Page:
Guest post by Travis Hornsby, Chief Student Loan Planner at Student Loan Planner

As a physician, you’ve likely taken out some student loans to get your education. Paying off those loans is a major hurdle, but if you can work for the U.S. government or nonprofit employer, you might be eligible for Public Service Loan Forgiveness (PSLF). 

The PSLF program enables student loan borrowers who work in a qualified public-service field to have a portion of their loans forgiven. If you’re a physician in a hospital that is compatible with the PSLF program, you could potentially save thousands of dollars on your physician loan debt. 

How to know if you’re eligible for PSLF

Here are the key PSLF qualifications that determine whether a borrower is eligible for loan forgiveness through the program. 

  • Employed by a U.S. federal, state, local, tribal government, or nonprofit organization. If you change employers during repayment, you can still qualify as long as your new employer is also PSLF-approved. 
  • Full-time employment. You must work full-time for the organization while participating in the program.
  • Must have federal Direct Loans. If your loans aren’t already Direct Loans, you’ll have to consolidate your ineligible federal loans through Direct Loan Consolidation. Private loans aren’t eligible.
  • Enroll in an income-driven repayment (IDR) plan. Qualified payments must have begun after October 1, 2007 to count toward PSLF. 
  • Make 120 qualifying payments. These payments don’t have to be consecutive, but you need to pay each within 15 days of the due date. 

When PSLF is a good option for physicians

Medical fields are well-suited for student loan forgiveness for several reasons. 

Medical school loans are on average much higher than those for many other public-service careers. In 2019, the American Association of Medical Colleges reported that the median debt for medical school was $200,000. Since you’d have to make 120 payments regardless of your loan balance, you stand to have a much higher amount of debt forgiven than in other fields. 

PSLF requires that you make payments under an income-driven repayment plan. These plans offer a lower monthly payment while your salary is lower, which is common during residency and early in your career. Keep this in mind when negotiating your employment contract.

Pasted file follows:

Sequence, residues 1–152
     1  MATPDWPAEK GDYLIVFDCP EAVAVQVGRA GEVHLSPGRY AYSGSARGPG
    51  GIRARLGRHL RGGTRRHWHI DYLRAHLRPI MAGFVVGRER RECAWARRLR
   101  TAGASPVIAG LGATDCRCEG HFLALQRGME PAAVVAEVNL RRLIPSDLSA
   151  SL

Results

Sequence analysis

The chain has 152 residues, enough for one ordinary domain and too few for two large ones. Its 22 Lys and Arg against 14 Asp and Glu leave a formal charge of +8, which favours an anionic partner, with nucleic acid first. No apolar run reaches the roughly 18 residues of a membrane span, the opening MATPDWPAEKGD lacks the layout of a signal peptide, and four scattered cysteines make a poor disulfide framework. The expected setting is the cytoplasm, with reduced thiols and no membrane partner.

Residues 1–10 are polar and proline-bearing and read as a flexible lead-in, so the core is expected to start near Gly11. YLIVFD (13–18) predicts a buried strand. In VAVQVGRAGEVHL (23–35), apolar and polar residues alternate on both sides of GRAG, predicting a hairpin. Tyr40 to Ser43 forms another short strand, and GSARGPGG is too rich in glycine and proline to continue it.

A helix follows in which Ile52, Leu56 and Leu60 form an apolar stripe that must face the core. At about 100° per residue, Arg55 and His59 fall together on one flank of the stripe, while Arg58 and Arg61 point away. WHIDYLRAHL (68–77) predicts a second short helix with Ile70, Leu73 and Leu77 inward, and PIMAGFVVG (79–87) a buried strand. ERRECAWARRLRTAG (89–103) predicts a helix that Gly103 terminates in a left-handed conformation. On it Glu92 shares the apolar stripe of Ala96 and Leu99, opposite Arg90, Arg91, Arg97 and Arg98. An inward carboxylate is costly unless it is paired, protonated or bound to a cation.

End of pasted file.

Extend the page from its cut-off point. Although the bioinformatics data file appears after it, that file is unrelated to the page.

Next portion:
Check with your employer to learn if it is PSLF-compatible. If your employer is a 501(c)(3) nonprofit organization, you’ll likely qualify for the program. Working at a government hospital also qualifies you for PSLF. Remember — it is not your specific duties at your job that is a factor, but the entity that employs you. 

Understand potential savings with a PSLF Calculator

A valuable tool for physicians looking to do the math on whether PSLF makes sense for them is Student Loan Planner’s PSLF calculator This online calculator physicians input key figures such as their total federal student loans, average interest rates, and how long they’ve made payments toward PSLF if they’ve already started. 

To use the calculator, gather relevant information, like the year you began making qualified payments, and confirm that you took out the loan before Oct. 1, 2007. You’ll need to input your family size, your total federal student loan balance, the average interest rate of your loans, and your adjusted gross income. 

The calculator automatically assumes a 3% annual salary increase unless you specify a different percentage. If you aren’t sure how your income might change, that 3% is a good starting estimate. 

After entering your information into each field, the calculator tells you the total amount you’d pay under PSLF, the total amount you’d pay without PSLF, and the difference between each repayment path.

Sample PSLF savings calculation

We can test out the Student Loan Planner PSLF calculator with a hypothetical physician’s student loan debt. Imagine an OB/GYN with a family of five, and earning a $200,000 annual salary. Let’s say she started paying off loans four years ago and has a $300,000 balance remaining when she starts the PSLF program.

For simplicity, let’s use an average of 6% interest rate for all of her Direct Loans and keep the automatic 3% annual salary bump. After inputting all of the numbers, you’ll get instant results. 

  • Total PSLF Payments Over 6 Years: $99,251
  • Total Standard 10 Year Payments: $399,674
  • Total Savings if You Pursue PSLF: $300,423

This physician would save $300,423 under the PSLF program. However, that’s not even the entire picture, because you also need to consider the actual value of the $300,000 that’s forgiven. 

Her forgiven amount works out to a $50,000 after-tax value per year over the six years remaining in repayment. This would be about $79,000 in pre-tax salary. If she chose to work in private practice where she wouldn’t be eligible for PSLF, she’d need to earn $79,000 more per year to reach the equivalent of her nonprofit salary working toward PSLF.  

Of course, you can input your own specific loan totals, interest rate, and salary to find out your potential savings through PSLF. 

Under the “Totals” drop-down menu, click on “show” to view what your monthly payment would be each year. That number will increase annually since you’d be on an income-driven repayment plan and assuming a modest annual raise.  

Applying the PSLF calculator to your physician loans

If you’re a full-time practicing physician working for a public or nonprofit institution, use this handy PSLF calculator tool to determine how much you might save through this program. Be sure to include only federal loans — not private loans — in your calculations, and check regularly for any government updates for the PSLF program. 

With the right type of loans and employment situation, PSLF could save you thousands of dollars in student loan debt, and this calculator can show you the numbers clearly.